Two years after a sexual abuse scandal hit the Texas Youth Commission, some state officials are questioning whether the youth lock-up system – which has seen a legislative overhaul, a revolving door of executives, and a costly restructuring – is worth saving, the Dallas Morning News reports. Advocates of a proposal to fold the commission into the juvenile probation system say they’ve given the current agency plenty of time to work out its kinks, but it continues to stumble. “We have one broken system that’s wasteful in spending, that’s top-heavy, and that houses juveniles in remote locations, far from home. And then we have juvenile probation, which seems to work,” said Sen. John Whitmire, who chairs the Senate Criminal Justice Committee.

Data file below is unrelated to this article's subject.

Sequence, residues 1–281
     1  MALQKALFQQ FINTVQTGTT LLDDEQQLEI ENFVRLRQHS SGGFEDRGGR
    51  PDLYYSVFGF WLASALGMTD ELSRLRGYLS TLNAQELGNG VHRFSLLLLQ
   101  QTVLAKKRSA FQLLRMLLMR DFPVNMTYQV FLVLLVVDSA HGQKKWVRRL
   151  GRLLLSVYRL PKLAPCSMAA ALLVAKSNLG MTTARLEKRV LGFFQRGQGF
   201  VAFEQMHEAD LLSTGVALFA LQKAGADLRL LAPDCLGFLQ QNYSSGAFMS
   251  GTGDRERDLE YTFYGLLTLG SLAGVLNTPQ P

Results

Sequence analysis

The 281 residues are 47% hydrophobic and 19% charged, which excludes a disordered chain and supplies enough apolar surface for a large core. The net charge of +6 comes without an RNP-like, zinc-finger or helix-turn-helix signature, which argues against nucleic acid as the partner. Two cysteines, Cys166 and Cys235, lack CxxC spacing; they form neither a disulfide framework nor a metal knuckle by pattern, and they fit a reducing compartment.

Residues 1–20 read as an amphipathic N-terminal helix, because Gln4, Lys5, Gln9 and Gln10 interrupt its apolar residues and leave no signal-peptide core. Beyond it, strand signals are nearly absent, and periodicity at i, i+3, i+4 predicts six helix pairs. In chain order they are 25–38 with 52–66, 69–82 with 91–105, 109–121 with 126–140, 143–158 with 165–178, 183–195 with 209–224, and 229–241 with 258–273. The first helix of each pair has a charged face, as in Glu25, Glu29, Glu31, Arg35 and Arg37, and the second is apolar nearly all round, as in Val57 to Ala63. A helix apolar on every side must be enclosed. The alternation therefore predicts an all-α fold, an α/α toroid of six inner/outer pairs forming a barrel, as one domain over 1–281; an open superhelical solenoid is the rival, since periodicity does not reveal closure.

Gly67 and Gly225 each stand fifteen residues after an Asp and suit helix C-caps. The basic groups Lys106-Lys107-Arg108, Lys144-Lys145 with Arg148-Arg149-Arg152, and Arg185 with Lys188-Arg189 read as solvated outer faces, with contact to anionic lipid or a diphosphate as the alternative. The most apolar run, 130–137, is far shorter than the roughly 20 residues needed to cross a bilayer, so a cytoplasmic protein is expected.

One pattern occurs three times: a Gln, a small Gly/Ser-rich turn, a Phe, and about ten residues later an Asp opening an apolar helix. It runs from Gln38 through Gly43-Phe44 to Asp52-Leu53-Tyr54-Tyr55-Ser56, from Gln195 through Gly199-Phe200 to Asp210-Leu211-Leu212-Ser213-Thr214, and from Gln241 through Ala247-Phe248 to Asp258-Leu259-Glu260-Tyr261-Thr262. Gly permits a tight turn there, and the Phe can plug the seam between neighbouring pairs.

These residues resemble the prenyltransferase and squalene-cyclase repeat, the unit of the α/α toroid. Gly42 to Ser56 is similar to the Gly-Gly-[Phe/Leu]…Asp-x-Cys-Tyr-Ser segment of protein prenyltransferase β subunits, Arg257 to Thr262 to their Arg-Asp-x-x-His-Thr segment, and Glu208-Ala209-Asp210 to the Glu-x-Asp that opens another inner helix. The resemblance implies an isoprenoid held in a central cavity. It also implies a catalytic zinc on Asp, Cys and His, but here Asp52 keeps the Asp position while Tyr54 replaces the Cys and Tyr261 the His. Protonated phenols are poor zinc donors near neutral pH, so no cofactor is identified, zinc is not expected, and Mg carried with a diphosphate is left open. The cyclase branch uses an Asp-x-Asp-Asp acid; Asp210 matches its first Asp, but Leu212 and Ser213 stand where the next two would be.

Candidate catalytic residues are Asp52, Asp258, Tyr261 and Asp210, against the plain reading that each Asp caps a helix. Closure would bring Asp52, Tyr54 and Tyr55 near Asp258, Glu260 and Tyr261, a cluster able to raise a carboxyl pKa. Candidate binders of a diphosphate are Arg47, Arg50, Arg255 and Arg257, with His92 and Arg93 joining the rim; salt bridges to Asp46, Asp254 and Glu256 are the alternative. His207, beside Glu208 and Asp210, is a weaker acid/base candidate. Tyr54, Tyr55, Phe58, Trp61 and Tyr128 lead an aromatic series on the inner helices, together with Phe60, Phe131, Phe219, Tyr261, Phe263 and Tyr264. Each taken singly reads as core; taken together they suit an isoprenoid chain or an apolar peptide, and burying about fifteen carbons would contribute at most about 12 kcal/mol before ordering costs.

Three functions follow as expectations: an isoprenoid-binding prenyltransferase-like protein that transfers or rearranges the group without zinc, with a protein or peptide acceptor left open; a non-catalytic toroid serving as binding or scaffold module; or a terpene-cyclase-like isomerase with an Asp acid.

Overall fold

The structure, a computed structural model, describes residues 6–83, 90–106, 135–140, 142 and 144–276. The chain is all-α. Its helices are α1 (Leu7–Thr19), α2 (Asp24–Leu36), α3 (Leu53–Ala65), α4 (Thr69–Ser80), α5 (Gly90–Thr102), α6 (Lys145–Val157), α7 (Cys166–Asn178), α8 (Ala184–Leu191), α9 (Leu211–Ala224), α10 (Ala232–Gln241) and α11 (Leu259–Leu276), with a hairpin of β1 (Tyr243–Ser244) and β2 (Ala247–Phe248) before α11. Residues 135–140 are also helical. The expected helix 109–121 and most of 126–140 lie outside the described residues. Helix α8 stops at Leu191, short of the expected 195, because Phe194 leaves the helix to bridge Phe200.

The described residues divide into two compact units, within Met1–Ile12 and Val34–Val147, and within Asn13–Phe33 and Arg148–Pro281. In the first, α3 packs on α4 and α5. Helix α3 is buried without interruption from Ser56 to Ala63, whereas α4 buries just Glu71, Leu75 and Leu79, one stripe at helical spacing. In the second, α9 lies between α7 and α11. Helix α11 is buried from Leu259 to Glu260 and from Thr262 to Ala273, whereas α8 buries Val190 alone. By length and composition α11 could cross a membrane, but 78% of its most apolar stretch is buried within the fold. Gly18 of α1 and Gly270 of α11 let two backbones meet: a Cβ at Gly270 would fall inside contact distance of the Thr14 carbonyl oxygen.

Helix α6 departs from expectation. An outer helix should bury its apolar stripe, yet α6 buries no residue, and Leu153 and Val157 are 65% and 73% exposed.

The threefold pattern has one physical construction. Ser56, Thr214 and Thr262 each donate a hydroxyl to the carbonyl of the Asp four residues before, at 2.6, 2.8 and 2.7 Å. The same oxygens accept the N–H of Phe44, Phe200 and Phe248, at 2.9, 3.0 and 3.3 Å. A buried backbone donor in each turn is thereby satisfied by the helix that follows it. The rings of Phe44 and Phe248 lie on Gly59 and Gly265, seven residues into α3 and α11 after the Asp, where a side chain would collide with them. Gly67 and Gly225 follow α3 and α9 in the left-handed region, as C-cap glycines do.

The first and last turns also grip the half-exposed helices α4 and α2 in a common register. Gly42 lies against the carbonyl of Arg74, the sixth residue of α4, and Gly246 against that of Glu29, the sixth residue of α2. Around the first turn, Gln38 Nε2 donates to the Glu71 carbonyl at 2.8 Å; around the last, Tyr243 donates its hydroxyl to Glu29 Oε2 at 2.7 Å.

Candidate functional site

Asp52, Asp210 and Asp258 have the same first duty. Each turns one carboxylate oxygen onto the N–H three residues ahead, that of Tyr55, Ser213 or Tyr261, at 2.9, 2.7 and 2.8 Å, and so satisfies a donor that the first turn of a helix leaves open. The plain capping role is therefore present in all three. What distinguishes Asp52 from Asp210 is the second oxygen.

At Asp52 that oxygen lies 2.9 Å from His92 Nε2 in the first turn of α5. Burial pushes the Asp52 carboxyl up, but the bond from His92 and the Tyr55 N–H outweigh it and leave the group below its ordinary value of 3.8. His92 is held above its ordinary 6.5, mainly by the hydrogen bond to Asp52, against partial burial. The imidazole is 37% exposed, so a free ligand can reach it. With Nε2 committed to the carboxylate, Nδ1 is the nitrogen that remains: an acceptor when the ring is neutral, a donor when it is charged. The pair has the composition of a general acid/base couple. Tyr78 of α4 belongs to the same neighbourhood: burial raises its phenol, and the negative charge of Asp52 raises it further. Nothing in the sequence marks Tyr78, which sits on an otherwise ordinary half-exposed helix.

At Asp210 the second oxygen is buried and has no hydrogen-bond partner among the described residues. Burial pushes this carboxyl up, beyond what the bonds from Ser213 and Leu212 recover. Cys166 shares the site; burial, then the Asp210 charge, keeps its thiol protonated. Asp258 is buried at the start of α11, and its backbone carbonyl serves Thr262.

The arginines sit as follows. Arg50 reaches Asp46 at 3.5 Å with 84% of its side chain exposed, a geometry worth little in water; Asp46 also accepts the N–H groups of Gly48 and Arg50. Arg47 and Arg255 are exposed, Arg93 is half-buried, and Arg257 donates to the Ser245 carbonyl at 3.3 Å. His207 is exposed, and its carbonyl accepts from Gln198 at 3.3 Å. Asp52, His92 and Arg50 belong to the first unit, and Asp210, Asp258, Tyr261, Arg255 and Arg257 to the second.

With just 2,200 youth offenders, the commission now oversees a tiny fraction of Texas’ juvenile criminals in its large, remote prisons. The question is whether it’s more cost-effective for Texas and better for juvenile offenders to serve them all at the local level – which the juvenile probation department already does. Despite many continuing problems, the agency has made big strides in complying with a sweeping reform bill – including installing new security cameras, improving staff-to-offender ratios, and increasing employee training.